- You upload a mod. The customer pays us. Who are they buying from? Us or you? That makes an immediate difference. If it's us, then as the vendor, we have a bunch of responsibilities under EU and UK law, and a different bunch of responsibilities under US law (and who knows what under Australian, Brazilian, Chinese or Indian law). If it's you, then we have to make you aware of those. In many ways, resolving this one issue clarifies a lot of the rest of the issues, in that we can then say categorically "it's our problem" or "talk to the modder". However, it's not even clear how the law stands on this, and whether we can easily assign the role of vendor. It's likely that we have to be the vendor, and that we would have to require to to sign a warranty which allows us to come after you if anyone has a go at us. This, of course, then begs the question of what happens if you weren't entitled to sign that warranty (say, you're a minor). And, indeed, what happens when we get sued for squillions but you only have six bucks and a Gnarls Barkley CD to your name.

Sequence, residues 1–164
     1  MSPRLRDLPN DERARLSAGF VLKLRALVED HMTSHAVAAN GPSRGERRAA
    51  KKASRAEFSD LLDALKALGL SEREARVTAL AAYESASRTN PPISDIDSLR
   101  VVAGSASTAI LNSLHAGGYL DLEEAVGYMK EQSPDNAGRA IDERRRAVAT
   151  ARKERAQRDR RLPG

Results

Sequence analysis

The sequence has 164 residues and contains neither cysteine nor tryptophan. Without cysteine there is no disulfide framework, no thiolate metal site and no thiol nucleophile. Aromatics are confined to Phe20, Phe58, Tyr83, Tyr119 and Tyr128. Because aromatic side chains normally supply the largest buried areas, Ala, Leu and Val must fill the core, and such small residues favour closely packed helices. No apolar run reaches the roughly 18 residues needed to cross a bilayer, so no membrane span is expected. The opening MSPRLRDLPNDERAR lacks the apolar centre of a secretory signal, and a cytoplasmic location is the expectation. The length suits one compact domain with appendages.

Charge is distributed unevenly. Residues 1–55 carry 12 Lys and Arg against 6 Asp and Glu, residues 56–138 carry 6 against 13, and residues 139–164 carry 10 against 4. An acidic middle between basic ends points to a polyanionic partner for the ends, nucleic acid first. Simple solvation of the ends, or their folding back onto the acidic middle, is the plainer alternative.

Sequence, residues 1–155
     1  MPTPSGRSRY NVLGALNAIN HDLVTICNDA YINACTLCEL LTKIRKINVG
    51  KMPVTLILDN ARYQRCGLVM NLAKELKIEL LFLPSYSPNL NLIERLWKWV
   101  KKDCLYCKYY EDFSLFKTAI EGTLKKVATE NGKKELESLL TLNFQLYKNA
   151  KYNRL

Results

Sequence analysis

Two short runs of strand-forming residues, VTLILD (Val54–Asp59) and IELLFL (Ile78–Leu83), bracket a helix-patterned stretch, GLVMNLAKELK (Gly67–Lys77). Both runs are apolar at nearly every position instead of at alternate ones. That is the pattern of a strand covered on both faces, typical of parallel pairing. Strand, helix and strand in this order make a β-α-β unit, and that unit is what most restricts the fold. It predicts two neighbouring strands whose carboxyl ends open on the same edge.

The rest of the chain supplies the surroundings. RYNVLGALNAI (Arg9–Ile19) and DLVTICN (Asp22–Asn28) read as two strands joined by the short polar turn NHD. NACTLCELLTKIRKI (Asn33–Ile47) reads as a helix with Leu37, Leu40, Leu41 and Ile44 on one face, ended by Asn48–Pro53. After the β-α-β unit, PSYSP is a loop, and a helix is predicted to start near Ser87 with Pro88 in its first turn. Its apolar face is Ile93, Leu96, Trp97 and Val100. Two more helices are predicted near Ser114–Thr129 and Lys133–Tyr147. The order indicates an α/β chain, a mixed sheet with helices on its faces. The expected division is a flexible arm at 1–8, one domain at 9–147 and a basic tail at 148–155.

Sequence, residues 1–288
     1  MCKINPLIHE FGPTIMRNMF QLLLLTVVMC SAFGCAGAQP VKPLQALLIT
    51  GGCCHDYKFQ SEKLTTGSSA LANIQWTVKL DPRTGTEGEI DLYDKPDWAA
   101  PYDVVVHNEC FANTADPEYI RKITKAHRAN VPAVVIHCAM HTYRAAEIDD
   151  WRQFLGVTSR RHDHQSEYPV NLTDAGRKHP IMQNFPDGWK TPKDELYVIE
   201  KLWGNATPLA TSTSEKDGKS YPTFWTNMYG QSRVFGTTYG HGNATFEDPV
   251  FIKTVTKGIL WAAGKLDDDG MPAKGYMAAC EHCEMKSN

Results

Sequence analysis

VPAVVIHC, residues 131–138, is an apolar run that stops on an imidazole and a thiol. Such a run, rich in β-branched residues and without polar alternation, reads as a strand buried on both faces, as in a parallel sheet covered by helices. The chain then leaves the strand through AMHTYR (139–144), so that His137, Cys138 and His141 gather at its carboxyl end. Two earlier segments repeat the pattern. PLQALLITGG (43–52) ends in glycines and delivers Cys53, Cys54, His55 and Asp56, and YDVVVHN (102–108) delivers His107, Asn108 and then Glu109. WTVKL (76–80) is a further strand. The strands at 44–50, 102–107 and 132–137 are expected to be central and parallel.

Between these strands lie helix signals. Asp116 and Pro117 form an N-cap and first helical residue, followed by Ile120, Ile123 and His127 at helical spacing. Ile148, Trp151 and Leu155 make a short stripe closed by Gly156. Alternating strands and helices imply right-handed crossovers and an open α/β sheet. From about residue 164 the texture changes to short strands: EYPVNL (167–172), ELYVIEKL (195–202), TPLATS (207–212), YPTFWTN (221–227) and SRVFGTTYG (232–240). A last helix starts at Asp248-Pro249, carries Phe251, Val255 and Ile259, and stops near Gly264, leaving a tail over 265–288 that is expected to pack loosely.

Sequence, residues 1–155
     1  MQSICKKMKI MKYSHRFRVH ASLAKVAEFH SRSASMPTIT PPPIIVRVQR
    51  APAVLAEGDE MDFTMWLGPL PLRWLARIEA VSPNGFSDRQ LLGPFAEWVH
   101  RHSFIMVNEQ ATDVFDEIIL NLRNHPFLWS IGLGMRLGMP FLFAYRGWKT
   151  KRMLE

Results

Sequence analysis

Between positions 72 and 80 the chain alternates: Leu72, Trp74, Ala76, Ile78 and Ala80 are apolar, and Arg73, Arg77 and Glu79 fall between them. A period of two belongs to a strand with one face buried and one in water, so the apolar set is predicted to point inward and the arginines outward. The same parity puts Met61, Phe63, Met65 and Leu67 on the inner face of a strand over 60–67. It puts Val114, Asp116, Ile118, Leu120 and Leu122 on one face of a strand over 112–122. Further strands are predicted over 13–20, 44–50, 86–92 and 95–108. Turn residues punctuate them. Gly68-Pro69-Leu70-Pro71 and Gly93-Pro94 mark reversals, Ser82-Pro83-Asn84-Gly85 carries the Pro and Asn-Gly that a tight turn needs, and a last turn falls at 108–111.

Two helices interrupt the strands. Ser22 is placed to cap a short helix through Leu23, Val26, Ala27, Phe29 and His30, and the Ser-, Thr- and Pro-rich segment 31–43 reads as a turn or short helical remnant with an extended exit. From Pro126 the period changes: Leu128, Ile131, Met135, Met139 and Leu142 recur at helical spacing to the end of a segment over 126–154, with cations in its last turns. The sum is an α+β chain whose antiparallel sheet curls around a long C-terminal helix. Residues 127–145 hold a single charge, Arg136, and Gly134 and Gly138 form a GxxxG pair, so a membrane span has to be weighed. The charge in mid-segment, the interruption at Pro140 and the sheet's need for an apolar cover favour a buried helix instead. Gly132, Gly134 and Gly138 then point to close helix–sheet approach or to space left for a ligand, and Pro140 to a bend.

- Your mod causes Moviestorm (or the user's computer) to crash. How do we deal with the irate customer? Who's going to sort him out? Should we require all mods to go through our QA and be certified? If so, are you prepared to pay for it?
- Your mod isn't what it claims to be, or doesn't work. How does the customer complain, and how does he get his money back? If we've already given you your money, how do we get money back from you?